To be pardoned of our wrongdoing is of great import. When we are dealing with issues of guilt and shame due to our sin, if we do not confess these things but merely try to hide them, it takes a toll even on our bodies. King David said that “when I refused to confess my sin, my whole body wasted away, while I groaned in pain all day long.” Unconfessed sin does great damage to a soul. Now read how King David answers his dilemma in the same Psalm:
5 Then I confessed my sin; I no longer covered up my wrongdoing. I said, “I will confess my rebellious acts to the Lord.” And then you forgave my sins. (Selah)
6 For this reason every one of your faithful followers should pray to you while there is a window of opportunity. Certainly when the surging water rises, it will not reach them. 7 You are my hiding place; you protect me from distress. You surround me with shouts of joy from those celebrating deliverance. (Selah)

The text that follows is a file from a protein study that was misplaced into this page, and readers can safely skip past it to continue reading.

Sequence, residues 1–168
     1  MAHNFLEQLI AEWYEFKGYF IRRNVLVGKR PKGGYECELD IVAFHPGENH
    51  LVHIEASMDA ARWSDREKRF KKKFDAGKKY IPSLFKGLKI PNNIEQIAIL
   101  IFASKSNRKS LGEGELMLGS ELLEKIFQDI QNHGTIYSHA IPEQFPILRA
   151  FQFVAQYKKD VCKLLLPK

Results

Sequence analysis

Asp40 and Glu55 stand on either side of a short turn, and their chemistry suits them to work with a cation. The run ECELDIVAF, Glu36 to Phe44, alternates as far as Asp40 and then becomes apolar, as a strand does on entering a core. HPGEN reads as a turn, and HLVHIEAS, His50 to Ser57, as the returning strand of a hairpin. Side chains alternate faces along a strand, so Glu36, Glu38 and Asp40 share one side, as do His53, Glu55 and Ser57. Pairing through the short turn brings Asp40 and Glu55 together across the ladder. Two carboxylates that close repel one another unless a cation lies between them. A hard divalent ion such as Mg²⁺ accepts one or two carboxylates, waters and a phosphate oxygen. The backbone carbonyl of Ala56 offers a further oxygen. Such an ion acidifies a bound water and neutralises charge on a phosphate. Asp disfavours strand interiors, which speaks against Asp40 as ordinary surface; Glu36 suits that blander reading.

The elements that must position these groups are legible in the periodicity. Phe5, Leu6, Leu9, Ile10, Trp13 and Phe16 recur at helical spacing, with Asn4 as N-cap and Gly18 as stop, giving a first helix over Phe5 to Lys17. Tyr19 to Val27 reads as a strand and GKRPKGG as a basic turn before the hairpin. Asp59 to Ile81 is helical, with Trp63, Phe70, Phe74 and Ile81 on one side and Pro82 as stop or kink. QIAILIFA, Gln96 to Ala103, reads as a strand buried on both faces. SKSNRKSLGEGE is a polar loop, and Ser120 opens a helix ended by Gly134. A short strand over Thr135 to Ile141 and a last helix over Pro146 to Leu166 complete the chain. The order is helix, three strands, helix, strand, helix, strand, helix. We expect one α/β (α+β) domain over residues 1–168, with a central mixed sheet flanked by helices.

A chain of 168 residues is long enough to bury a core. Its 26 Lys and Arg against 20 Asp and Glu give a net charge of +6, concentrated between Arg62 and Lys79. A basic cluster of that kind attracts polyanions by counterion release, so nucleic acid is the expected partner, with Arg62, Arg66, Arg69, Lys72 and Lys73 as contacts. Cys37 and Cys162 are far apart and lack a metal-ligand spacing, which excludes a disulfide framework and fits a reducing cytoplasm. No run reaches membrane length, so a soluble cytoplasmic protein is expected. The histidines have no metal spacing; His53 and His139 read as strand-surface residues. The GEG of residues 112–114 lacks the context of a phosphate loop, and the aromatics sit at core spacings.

If a person dealing with a depressive episode due to his sin confesses his sin to the Lord, as with King David, he will find forgiveness from the Lord. This is the very reason that we confess anything to anyone: to be released from the guilt and shame that so easily enslaves us. Sin plagues everyone. There is no one who is immune from the ravages of sin. All you have to do is look around you to see this fact. But when we turn to the Lord in confession of our sin, the Lord Himself becomes our “hiding place.” He “protects us from distress.” He “surrounds us with shouts of joy from those celebrating deliverance.” That is something for which we ought to be thankful but also should speak to each other when dealing with depression.